Broadband Britain rollout delayed by three years
The Culture Secretary Jeremy Hunt has blamed a lack of funds for the government's decision to delay the roll out of 2 megabits per second broadband in the UK.
The previous government had set 2012 as a deadline for network to be in place.
Mr Hunt said he did not think there was "sufficient funding in place" to meet that goal.
BT also warned that it will cost billions to get fast broadband to every part of Britain.
Steve Robertson, chief executive of BT Openreach, told BBC 5 live's Drive programme that the goal could not be achieved without around £2bn in public funding.
"Last month, I announced that we were supporting a universal service level of 2 Mbps as the very minimum that should be available," said Mr Hunt at an industry conference on 15 July.
"I have looked at the provision the Government had made to achieve this by 2012. And I'm afraid that I am not convinced that there is sufficient funding in place.
"So, while we will keep working towards that date, we have set ourselves a more realistic target of achieving universal 2 Mbps access within the lifetime of this Parliament," he added.
The government says industry must find ways to solve the problems.
But, other than £175m set aside from the Digital Switchover project, there is little new money available to fund these rollouts.
Mr Hunt told BBC News that the costs "had been scoped out" and he was confident "we should be able to deliver on our commitment."
"Obviously we are looking for solutions that allow extensions to superfast [broadband]. It would be a short-term fix if two megabits was the limit," he told BBC News.
He said the levy on the BBC licence fee used to fund digital switchover could be extended if necessary.
Mr Hunt is hosting a conference intended to mobilise companies on Thursday.
"Tomorrow I will bring together the key industry players who can help deliver this. I now need them to work together on solutions and tell us what we can do to help make this ambition a reality," he said.
Companies will have the chance to identify the current barriers to providing basic level broadband in rural areas as well as suggesting ways to make more use of publicly-owned networks, such as those connecting schools and hospitals.
BT said that public money to the tune of up to £2bn will be needed to put Britain at the top of the super-fast broadband league.
The money could come from local authorities, central government or the European Union.
The telco is spending £2.5bn installing fast broadband services to around two-thirds of UK homes.
But a significant number could be left in the slow lane.
"As a society we need to make our minds up about what is an essential element of our social fabric. Today not having broadband makes people feel deprived," said Steve Robertson.
The government is conducting a paper trial to work out how much it would cost to provide areas with slow broadband with faster services and will run pilots in three areas when the cheapest options emerge.
Research firm Point Topic estimates that around 2m homes are currently unable to get speeds of 2Mbps.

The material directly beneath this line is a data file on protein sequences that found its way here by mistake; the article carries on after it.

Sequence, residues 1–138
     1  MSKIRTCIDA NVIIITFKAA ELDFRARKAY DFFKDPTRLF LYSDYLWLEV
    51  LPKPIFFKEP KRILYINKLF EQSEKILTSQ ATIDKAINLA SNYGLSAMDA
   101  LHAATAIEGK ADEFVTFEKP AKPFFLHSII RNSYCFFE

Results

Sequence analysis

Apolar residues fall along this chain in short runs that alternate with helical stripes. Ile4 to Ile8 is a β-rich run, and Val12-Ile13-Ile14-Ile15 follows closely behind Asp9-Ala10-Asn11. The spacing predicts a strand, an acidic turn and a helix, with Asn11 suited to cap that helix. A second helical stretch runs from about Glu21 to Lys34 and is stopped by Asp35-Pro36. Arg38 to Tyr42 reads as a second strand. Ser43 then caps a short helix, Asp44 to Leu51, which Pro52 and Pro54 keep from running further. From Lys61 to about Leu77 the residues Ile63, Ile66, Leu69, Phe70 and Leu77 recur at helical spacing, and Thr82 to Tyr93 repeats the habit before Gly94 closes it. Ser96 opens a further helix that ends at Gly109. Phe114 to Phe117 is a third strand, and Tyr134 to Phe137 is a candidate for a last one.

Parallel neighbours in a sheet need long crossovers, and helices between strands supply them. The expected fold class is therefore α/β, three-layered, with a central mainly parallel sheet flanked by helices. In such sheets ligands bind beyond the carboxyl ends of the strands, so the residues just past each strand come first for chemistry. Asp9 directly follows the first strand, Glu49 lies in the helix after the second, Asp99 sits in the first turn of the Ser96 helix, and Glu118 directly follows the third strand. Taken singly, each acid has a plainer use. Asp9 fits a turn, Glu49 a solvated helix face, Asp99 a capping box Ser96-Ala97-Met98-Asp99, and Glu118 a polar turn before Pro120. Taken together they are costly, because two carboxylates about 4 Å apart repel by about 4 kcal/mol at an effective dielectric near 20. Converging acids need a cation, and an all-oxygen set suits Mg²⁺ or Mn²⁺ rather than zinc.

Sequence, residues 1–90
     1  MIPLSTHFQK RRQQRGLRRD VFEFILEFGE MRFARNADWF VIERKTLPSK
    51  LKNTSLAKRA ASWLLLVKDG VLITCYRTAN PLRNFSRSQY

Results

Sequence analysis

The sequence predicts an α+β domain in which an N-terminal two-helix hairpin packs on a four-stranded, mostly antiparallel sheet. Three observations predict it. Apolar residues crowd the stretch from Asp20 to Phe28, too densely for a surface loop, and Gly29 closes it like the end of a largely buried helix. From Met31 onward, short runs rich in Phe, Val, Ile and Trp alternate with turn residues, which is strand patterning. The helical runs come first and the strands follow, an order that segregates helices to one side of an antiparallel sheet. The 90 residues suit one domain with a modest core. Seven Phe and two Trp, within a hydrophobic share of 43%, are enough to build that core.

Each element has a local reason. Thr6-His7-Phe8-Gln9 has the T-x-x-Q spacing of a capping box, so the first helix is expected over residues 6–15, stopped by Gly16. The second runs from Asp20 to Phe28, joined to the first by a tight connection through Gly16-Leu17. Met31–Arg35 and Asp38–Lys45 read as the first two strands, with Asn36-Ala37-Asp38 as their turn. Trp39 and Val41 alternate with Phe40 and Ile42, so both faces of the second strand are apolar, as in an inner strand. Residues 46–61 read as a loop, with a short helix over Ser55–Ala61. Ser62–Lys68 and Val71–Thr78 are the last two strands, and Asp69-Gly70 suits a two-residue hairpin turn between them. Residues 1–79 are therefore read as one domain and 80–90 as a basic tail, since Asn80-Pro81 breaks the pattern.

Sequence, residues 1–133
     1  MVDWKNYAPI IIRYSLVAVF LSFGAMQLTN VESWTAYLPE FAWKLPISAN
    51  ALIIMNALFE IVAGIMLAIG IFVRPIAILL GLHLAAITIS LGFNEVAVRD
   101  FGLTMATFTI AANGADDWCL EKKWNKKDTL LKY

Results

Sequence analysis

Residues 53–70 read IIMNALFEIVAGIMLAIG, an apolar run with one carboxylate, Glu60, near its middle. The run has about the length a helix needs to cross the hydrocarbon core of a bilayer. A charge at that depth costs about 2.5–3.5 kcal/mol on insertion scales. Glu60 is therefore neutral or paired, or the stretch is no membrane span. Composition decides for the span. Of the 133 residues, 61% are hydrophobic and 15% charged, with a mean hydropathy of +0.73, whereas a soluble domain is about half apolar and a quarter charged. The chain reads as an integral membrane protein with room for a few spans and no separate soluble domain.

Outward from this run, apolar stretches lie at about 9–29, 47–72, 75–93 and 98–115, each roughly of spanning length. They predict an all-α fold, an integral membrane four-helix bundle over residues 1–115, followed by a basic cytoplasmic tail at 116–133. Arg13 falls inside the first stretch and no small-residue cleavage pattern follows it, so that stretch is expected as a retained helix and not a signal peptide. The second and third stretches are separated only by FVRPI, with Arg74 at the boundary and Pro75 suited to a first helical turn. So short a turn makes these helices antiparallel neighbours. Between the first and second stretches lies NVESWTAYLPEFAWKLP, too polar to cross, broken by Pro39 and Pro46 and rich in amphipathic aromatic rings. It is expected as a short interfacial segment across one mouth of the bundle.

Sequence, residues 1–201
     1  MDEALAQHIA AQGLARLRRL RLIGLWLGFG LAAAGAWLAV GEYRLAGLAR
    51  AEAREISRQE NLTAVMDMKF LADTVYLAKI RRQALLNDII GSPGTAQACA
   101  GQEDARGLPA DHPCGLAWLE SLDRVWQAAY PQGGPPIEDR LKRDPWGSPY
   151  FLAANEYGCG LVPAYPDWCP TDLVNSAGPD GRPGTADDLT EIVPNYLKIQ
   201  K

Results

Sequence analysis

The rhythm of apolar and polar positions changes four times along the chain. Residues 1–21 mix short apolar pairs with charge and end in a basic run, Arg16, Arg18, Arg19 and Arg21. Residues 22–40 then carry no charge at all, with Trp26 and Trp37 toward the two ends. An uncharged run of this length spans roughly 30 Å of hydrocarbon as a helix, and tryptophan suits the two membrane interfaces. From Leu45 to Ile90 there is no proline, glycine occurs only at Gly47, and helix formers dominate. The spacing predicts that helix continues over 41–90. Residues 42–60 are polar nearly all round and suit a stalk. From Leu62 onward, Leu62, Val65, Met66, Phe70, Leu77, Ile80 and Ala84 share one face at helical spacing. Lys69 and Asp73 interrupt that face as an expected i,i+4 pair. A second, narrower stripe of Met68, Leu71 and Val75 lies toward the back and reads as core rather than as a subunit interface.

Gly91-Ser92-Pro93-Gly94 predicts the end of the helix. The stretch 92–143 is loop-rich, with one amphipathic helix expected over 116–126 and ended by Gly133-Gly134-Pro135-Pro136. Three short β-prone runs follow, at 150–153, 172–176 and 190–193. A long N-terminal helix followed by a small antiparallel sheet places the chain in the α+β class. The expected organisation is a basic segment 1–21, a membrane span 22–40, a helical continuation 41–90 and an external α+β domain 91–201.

Some are in remote areas but others, such as Surrey village Ewhurst, are close to large towns.
Point Topic analyst Tim Johnson fears the government may have more work on its hands than it realises.
End Quote Steve Robertson CEO, BT Openreach
Today not having broadband makes people feel deprived”
"These two million premises are not in clearly defined areas. The only way to reach the have-nots is to engineer a service upgrade for the whole area," he said.
That could bring the total number of houses needing upgrades closer to 5 million, which would cost the government more.
"There is a danger that a shortage of money and the search for clear wins will drive the two-meg minimum programme to concentrate on areas which are very remote," he said.
A few smaller firms, such as Rutland Telecom, are taking matters into their own hands and raising money from householders to improve broadband services in small communities.
But the process is made harder by BT's withholding of vital data.
In order to make decisions about how much it will cost to provide fibre to a community, firms need to know which homes are connected to which green street cabinet.
Rutland Telecom says BT has refused to hand over this crucial data.
BT denied this.
"We have a manual process for advising Rutland Telecom of the location of the street cabinets and Ofcom has confirmed that by providing this we are fully complying with our regulatory obligations," said a BT spokeswoman.
If more firms need such data in the future it may consider offering an automated system, the spokeswoman said.
Sorting out relatively minor regulatory issues such as this could make a big difference, thinks Tim Johnson.
"Obliging BT and similar companies to open their infrastructure data to the market is the single most effective measure the government could take to create the super-fast broadband network it wants," he said.
Mr Hunt said persuading companies such as Rutland to invest in broadband was "absolutely part of the process".
"We need a level playing field and have to make it easy for people to lay fibre in BT's or other's ducts," he said.
He said new legislation may be required to open up the ducts of electricity and water companies.